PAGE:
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Marlborough School Student Newspaper
The Student News Site of Marlborough School

The UltraViolet

The Student News Site of Marlborough School

The UltraViolet

Touchdown for Girls’ Sports?

Graphic by Gabby '15
Graphic by Gabby ’15.

Recently, many students have expressed interest in starting a football team at Marlborough School. Starting a new sports team is challenging enough, but Marlborough faces a unique situation because of its all-girls environment. Most high school football teams are either all-boys or co-ed, so the School would have to decide if it wants to join the league and play against boys or become a pilot program for all-girls football. Also, girls’ football is not always considered equal to boys’ football; for example, girl’s teams are often referred to as “powderpuff” teams, which some people find belittling.

In 1945, when many American male college students were fighting in World War II, many campuses eliminated homecoming games.  As a response, a group of students at Eastern State Teacher College created a team of 23 girls to form two teams in what they called the Powderpuff League.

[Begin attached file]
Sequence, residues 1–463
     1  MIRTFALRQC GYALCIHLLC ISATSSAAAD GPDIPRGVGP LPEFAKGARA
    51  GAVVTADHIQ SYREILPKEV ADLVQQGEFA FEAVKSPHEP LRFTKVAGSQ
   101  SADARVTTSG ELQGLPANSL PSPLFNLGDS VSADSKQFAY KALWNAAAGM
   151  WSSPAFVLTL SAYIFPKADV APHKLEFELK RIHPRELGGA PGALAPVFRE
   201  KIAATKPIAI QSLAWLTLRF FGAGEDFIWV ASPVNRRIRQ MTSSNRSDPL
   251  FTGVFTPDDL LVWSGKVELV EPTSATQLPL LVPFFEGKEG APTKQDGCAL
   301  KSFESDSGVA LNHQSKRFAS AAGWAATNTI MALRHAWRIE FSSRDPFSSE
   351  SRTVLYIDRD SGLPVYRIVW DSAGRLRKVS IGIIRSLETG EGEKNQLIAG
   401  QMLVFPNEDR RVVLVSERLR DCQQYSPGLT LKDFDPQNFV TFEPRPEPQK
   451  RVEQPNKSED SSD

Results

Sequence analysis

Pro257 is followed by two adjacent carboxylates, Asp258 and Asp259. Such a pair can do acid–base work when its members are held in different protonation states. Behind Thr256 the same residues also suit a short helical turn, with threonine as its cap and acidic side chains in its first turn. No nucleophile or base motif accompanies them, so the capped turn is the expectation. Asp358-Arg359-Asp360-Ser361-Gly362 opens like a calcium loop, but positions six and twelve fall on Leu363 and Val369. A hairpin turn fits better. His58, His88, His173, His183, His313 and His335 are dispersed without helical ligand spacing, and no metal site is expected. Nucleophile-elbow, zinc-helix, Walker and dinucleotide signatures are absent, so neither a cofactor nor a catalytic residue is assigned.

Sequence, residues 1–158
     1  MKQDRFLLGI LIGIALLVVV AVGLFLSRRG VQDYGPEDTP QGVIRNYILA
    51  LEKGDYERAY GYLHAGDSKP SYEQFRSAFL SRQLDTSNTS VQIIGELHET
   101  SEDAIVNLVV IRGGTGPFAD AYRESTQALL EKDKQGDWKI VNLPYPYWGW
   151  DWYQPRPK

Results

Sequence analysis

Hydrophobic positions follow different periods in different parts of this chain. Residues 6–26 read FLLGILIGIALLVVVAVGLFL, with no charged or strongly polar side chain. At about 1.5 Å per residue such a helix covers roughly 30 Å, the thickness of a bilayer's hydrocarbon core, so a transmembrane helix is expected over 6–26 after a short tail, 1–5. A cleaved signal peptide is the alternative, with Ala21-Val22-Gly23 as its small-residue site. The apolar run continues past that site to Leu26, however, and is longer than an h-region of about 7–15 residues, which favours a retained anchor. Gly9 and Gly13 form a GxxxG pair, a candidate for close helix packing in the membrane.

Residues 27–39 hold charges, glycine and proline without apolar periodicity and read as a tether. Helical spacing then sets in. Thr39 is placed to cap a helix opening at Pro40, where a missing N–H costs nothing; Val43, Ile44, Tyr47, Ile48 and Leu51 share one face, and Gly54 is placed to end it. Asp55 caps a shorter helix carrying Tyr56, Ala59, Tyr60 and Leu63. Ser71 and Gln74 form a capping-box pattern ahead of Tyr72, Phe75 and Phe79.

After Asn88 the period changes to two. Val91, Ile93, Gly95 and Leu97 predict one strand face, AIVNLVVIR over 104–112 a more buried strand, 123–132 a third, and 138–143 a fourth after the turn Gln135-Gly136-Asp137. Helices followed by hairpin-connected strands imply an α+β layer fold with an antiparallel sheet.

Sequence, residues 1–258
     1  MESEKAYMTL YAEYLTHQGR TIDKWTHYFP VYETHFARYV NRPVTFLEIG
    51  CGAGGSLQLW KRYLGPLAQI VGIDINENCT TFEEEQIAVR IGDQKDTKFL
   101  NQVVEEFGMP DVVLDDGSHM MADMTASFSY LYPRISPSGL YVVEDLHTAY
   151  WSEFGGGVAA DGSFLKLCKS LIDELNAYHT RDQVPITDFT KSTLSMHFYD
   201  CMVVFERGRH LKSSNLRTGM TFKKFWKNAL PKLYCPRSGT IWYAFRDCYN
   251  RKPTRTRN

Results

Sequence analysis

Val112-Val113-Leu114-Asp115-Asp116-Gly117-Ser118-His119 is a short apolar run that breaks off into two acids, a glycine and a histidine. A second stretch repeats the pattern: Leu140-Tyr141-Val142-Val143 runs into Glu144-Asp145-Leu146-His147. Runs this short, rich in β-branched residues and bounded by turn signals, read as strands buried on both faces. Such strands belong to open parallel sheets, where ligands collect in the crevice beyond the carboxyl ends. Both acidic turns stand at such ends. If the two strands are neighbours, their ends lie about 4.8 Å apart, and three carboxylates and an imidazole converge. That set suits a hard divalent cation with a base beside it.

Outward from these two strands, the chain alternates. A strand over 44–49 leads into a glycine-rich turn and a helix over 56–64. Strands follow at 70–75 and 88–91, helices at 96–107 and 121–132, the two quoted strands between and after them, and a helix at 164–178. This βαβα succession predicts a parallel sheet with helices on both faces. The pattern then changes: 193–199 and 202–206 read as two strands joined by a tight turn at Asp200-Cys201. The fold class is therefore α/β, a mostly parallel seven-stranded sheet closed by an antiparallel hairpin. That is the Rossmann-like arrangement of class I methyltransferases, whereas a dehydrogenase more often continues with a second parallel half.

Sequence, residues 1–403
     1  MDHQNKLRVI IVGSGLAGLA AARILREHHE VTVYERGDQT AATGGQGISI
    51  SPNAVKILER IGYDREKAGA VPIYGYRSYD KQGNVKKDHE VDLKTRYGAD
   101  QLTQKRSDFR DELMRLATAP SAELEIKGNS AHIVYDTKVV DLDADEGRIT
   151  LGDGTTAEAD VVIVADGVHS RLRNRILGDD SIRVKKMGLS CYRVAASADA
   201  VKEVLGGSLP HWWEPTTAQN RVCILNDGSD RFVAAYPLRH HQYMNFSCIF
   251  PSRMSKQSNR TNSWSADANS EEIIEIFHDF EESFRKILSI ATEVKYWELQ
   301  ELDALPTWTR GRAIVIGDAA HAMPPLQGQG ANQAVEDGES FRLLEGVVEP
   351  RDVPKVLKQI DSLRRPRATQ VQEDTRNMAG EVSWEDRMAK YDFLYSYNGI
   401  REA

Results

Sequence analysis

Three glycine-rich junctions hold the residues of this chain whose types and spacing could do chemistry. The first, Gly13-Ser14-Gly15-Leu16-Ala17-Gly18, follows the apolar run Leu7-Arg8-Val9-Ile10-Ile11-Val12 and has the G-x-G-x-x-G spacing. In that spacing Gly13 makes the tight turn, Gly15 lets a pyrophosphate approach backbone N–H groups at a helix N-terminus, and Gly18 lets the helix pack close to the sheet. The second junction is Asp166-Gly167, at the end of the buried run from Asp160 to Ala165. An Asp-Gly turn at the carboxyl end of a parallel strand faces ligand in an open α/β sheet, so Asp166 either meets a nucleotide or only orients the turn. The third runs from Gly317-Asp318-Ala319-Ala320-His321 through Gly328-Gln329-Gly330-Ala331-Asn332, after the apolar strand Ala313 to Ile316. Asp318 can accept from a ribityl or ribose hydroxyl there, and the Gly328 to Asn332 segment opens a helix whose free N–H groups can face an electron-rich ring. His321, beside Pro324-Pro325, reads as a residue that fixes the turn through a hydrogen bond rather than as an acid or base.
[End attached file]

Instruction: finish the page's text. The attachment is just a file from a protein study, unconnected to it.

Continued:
Many girls, such as Eve ’19 and Sophie ’19, believe that if enough Marlborough girls want to start a football team, they should be able to have one.

“Even though we are all-girls, some people have interests like that. At my old school, they had a flag football team, and we played against other teams…I thought it was a lot of fun,” Moshay commented.

However, Athletic Director David Collicutt mentioned concerns about the unequal treatment of male and female football players.

“I think that what often happens when girls play, [referees] tend to want to restrict their contact, shall I say, so they play more like flag football. I think that some girls don’t want to do that; they want to actually play [full force],” Collicutt said.

In most current football leagues, the sport is considered co-ed, so Marlborough could join the league without having any male players. Despite there being no rules against joining the co-ed league, some people still acknowledge the differences in boys’ and girls’ football.

Sylvia Garrett ’19 has noticed that girls are treated differently in football. Because girls are sometimes traditionally viewed as weaker than and inferior to boys, they are therefore sometimes not allowed to play with the same rules.

“I think that [Marlborough] should join the co-ed league to make a statement. We can do this too. Just because we are girls doesn’t mean we are weaker than you,” Garrett said.

Many Marlborough students feel that calling a girl’s football team a Powderpuff team, though, would be demeaning and offensive to girls.

“[Calling] them Powderpuff [is offensive] because it is a stereotypical, weak, girly name,” Garrett said.

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